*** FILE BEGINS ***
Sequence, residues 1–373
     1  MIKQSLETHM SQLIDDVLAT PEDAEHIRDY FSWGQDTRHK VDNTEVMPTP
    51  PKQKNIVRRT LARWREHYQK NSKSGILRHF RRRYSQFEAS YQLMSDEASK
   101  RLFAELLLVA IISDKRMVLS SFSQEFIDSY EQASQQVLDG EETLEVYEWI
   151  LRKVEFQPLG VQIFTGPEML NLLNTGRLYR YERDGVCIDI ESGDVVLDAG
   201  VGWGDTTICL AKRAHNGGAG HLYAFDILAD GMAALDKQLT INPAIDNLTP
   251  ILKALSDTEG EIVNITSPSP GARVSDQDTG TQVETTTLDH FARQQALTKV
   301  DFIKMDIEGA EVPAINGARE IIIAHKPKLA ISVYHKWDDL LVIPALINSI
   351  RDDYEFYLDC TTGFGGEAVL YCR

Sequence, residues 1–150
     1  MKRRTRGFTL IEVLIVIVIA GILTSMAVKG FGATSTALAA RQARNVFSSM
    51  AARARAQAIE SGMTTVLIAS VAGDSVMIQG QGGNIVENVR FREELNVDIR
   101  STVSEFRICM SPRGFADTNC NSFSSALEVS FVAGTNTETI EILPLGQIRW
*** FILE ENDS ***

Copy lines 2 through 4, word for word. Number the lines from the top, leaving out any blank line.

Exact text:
     1  MIKQSLETHM SQLIDDVLAT PEDAEHIRDY FSWGQDTRHK VDNTEVMPTP
    51  PKQKNIVRRT LARWREHYQK NSKSGILRHF RRRYSQFEAS YQLMSDEASK
   101  RLFAELLLVA IISDKRMVLS SFSQEFIDSY EQASQQVLDG EETLEVYEWI